It’s more than just coaching or training. It’s about providing true plug-and-play systems.

One story that stands out to me involves an agent who had been in the business for about a year. He had a family and kids to support, and he pulled me aside one day to thank me.

He said, “Pete, coming to this team has changed my life.” He shared personal stories about how his wife looks at him differently now, how he’s able to provide for his kids, and how they can take vacations. Things he was never able to do before. It was because of joining our team and plugging into our processes.

That story sticks with me. And that agent is still on our team today.

None of us are able to achieve success without some help along the way. Is there a particular person who you are grateful towards who helped get you to where you are? Can you share a story about that?

When I first got into the industry, my first mentor was Mike Jones. He truly took me under his wing as I was just starting out, working with the home builder. Mike was there at the beginning, helping to boost my confidence when I made mistakes and recognizing my potential. He gave me opportunities that led to significant growth in my career.

Thanks to Mike, I was able to travel to other cities and offices around the country, gaining exposure to different people in the industry and within our company. This exposure allowed me to move into various positions, all because Mike had confidence in me from the start. He was there when I stumbled, helping to clear a path and giving me the chance to try new things.

It wasn’t like he was handing anything out. Instead, he saw the potential in me and provided opportunities to grow. For that, I am incredibly grateful.

Pete Kamboukos, Austin Zaback, and Keith Anderson - Co-founders of KPZ Group

Ok. Thank you for all that. Let’s now jump to the main core of our interview. Can you share 3 things that most excite you about the Real Estate industry? If you can please share a story or example.

Absolutely, here are three things that excite me about the real estate industry right now.

1. Industry in Flux and Change for the Better: The real estate industry is currently in a state of flux. And while many agents are concerned, I believe these changes are for the better. This evolution will elevate the best, most professional agents — those truly dedicated to their craft — and help separate them from the pack. Agents who view real estate as a hobby will feel more pressure to reconsider their involvement. This shift will ultimately benefit full-time, dedicated professionals and lead to a much better experience for clients overall. For example, the integration of advanced technologies and tools has already started to streamline processes, making it easier for dedicated agents to provide top-notch service.

2. Enhanced Information and Property Viewing: The way we access information about properties is improving rapidly. Clients can now look at properties, get detailed information, and view everything in one place more efficiently than ever before. Over the next several years, these capabilities will continue to get better and better. For instance, virtual tours and 3D property walkthroughs have revolutionized how clients can experience properties without having to be physically present, providing a richer, more convenient experience.

3. Opportunity for Newcomers: Real estate remains one of the few industries where someone can enter with a relatively low barrier and low cost and have the opportunity to build a sustainable, life-changing business. While success is not guaranteed, the potential is significant. A story that comes to mind is about a new agent on our team who started with minimal resources but dedicated themselves fully. Through hard work and leveraging our systematic processes, they were able to grow their business from the ground up and achieve substantial success within a few years. This story exemplifies how dedication and the right support can transform someone’s career in real estate.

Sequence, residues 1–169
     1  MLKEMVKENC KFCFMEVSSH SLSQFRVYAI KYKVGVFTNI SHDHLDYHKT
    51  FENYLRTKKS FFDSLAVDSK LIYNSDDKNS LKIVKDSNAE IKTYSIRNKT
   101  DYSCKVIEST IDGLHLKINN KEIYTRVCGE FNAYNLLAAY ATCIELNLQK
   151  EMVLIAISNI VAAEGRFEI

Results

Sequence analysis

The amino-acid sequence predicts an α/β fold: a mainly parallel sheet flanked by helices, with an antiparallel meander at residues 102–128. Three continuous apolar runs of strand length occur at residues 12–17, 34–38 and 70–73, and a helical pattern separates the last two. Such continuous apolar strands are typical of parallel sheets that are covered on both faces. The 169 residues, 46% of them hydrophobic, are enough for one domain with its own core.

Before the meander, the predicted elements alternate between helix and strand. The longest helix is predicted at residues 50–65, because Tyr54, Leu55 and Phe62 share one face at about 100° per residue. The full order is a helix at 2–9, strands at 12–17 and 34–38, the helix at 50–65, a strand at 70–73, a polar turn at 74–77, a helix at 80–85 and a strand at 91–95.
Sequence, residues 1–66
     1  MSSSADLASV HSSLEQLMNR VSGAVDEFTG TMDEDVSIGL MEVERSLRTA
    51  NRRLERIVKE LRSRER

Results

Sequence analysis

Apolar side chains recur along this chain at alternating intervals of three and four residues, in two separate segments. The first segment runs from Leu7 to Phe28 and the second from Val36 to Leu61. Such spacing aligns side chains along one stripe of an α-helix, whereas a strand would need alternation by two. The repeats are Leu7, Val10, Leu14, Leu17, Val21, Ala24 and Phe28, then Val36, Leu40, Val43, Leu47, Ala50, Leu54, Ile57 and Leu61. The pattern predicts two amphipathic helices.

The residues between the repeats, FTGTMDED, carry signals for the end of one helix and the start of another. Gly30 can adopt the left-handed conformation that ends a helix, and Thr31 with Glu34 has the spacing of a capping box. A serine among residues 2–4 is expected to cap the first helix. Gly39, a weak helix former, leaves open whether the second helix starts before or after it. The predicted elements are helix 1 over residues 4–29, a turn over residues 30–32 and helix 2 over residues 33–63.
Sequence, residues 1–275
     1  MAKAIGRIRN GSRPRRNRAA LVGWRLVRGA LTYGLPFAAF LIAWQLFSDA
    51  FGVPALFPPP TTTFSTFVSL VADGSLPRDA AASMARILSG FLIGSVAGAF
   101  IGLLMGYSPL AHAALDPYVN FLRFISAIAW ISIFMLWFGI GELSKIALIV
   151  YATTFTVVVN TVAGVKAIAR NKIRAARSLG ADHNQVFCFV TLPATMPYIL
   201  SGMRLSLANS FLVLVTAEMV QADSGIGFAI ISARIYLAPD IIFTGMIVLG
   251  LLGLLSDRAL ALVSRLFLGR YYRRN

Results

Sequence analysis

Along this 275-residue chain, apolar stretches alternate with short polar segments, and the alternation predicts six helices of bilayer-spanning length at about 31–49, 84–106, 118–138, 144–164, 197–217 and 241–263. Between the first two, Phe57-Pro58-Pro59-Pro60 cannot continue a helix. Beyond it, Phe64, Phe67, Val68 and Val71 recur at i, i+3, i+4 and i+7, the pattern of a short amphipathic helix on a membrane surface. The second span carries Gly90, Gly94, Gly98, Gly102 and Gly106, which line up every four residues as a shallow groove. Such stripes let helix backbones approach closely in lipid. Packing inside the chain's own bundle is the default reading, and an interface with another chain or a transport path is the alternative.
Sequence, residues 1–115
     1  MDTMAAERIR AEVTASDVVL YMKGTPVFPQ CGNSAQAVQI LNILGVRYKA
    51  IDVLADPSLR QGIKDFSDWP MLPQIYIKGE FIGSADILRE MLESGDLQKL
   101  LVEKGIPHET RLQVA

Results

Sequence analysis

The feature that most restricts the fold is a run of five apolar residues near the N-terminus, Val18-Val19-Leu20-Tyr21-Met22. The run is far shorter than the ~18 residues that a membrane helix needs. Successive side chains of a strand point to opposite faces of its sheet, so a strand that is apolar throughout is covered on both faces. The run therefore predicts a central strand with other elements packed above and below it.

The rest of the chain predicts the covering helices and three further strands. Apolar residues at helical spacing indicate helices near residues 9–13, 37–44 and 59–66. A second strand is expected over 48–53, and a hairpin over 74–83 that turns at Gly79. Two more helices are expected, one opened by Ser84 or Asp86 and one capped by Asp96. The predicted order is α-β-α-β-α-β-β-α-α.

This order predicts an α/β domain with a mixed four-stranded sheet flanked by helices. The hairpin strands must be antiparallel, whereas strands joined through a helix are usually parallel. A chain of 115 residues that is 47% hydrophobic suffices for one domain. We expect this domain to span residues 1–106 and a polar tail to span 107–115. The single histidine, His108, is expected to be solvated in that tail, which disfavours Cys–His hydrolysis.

These aspects of the real estate industry are what truly excite me about being a part of it.

Can you share 3 things that most concern you about the industry? If you had the ability to implement 3 ways to reform or improve the industry, what would you suggest? Please share stories or examples if possible.

Things that concern me about the industry…

Number one is the affordability issue, which is a national problem. This has arisen from various factors, including regulations and long-term underbuilding.

The second concern is the increased involvement of institutional investors in the home purchase market. While it’s not as extreme as some fear stories suggest, we are seeing more companies, funds, and larger institutional players entering the market, which wasn’t the case 5, 10, or 20 years ago. This growing trend will continue to impact both how we run our businesses and how our clients experience the market.

The third concern is the public perception of agents and the industry as a whole. Recent lawsuits involving the National Association of Realtors (NAR) and commission-related issues have tainted public perception. Stories surrounding these lawsuits often obscure the reality of how the industry operates. A significant part of this problem is due to some agents treating this profession as a hobby and not providing the best service to their clients. While these are the exceptions rather than the rule, they tend to spoil the reputation for everyone.

To address these concerns, I would suggest three reforms.

First, raising the standards for agents could greatly benefit the industry. Implementing higher entry standards, such as apprenticeships, would ensure that those entering the profession are dedicated and well-prepared. This would counter the misleading perception from TV shows and social media that make the industry seem easy and overly lucrative.

Second, addressing the affordability issue by considering reforms like the portability of mortgages could be beneficial. If mortgages were tied more to individuals than properties, it could help alleviate some of the financial pressures and make home ownership more accessible.

Reforming the current MLS system would be highly advantageous. The current system is fractured and siloed, with different rules, costs, and standards across regions. This inconsistency complicates the process for agents and affects the client experience. Unified reforms could streamline operations and enhance efficiency, ultimately benefiting both agents and clients. This is why some portals like homes.com and Zillow have gained traction, as they address gaps left by our fragmented MLS system.